|Appears in Collections:||Biological and Environmental Sciences eTheses|
|Title:||The Effects of Chronic Low-Dose Radiation on Bumblebees|
|Publisher:||University of Stirling|
|Abstract:||The consequences to wildlife of living in contaminated areas with chronic low-dose rates of radiation are still relatively unknown. Laboratory studies using acute radiation have demonstrated that invertebrates are relatively radioresistant compared to other taxa. However, there is little scientific evidence to show how chronic low dose rates affect invertebrates. This is problematic for understanding the consequences to wildlife living in highly contaminated areas and also testing assumptions made for invertebrates by the International Commission on Radiological Protection (ICRP). This thesis was designed to address a number of recommendations have been suggested to improve radioecological studies and help reduce the uncertainty as to effects at low dose rates. These include environmentally relevant laboratory studies (Chapters 2 and 4), improved dosimetry and dose assessments (Chapter 3), investgating confounding factors (Chapter 4) and continuity between laboratory experiments and field work conducted in the Chernobyl Exclusion Zone (CEZ) (Chapter4). Chapter 2 presents an environmentally-relevant experiment testing how bumblebee reproduction and life history is affected by chronic low-dose rates. Unexpectedly, at dose rates equivalent to the CEZ, queen production declined and reproductive timing was altered. The estimation of dose rates to establish a dose-effect relationship for wild animals is difficult and a common criticism of radioecological studies, therefore, Chapter 3 tests whether the common approach to measuring only external ambient dose rates is suitable and whether the inclusion of life-history traits significantly alters the dose rate. The findings from this chapter reiterate the necessity to use dose-assessment tools to test different parameters to estimate dose rate in different scenarios to account for unknown variation. Chapter 4 demonstrates that in areas of elevated dose rates in the CEZ parasite burden was higher and bumblebees did not live as long. These results were reinforced by a laboratory study, which determined bumblebees exposed to increased radiation doses had high parasite burdens and were infected quicker, resulting in reduced longevity. The data in this thesis detected effects below the current dose bands used in international radioprotection and therefore advocate these dose bands be re-evaluated. However, the data do not support studies which have measured adverse effects at dose rates similar to background and suggest that confounding factors such as habitat quality and co-stressors need to be included in field and laboratory studies.|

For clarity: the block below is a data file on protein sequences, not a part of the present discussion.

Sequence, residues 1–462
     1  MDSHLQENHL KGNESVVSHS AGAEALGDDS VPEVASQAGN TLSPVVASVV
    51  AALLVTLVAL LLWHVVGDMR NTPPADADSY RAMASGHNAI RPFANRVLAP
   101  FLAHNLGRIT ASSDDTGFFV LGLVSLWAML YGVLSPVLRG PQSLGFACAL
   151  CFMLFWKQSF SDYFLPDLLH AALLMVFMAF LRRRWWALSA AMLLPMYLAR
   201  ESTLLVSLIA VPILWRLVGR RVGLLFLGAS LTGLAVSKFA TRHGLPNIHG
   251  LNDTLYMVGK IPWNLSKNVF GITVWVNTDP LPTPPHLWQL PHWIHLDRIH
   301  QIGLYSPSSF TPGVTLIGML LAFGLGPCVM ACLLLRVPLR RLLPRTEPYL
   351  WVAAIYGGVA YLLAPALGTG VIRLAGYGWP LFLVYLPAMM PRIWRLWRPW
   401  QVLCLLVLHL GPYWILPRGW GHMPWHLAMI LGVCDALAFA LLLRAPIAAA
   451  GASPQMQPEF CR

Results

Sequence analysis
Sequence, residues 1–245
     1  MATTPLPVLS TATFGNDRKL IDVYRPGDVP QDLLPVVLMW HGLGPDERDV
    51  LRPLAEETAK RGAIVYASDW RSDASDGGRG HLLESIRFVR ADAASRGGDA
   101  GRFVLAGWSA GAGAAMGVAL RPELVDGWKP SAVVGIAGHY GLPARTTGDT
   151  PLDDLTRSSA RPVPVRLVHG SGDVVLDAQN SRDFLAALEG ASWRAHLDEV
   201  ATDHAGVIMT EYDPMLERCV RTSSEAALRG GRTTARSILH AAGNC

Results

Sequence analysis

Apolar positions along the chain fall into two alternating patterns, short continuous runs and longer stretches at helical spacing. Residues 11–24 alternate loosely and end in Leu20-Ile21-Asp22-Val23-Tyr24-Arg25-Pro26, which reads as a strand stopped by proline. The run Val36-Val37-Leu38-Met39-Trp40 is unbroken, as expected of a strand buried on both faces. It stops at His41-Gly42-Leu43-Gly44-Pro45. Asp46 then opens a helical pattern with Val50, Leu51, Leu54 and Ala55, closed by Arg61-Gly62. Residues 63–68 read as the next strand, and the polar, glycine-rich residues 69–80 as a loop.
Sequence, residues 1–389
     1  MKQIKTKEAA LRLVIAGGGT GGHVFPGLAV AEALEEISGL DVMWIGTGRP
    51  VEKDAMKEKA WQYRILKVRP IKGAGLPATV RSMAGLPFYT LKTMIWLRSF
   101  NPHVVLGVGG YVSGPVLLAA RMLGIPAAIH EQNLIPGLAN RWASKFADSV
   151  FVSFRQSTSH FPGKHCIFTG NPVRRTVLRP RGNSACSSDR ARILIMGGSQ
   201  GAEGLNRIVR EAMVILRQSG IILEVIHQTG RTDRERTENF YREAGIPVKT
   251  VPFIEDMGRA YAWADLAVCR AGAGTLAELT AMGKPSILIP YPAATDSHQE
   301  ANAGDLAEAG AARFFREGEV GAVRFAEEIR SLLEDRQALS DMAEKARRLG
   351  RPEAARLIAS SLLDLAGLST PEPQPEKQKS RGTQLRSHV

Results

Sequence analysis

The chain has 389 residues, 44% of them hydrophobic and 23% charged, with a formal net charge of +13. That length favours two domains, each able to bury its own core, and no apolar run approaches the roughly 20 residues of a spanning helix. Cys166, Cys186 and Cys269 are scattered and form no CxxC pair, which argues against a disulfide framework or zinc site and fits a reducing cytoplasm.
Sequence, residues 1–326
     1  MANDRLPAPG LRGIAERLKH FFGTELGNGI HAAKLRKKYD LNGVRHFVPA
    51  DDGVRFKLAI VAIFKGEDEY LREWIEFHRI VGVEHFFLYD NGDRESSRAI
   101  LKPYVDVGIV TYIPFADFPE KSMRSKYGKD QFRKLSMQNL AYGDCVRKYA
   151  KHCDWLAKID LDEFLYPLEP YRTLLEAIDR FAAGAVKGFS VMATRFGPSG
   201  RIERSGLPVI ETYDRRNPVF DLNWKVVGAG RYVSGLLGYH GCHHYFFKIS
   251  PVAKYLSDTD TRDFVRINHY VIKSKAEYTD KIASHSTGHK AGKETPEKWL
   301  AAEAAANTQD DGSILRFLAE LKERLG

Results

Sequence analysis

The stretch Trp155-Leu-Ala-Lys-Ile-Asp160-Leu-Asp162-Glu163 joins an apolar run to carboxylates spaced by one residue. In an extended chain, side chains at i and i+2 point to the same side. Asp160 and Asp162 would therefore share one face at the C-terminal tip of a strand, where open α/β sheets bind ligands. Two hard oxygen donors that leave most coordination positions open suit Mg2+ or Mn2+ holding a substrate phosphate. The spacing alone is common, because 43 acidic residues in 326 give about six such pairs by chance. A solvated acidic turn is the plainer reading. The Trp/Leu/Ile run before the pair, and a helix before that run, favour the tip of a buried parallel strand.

|Type:||Thesis or Dissertation|
|Full thesis.pdf||6.47 MB||Adobe PDF||Under Embargo until 2021-09-02 Request a copy|
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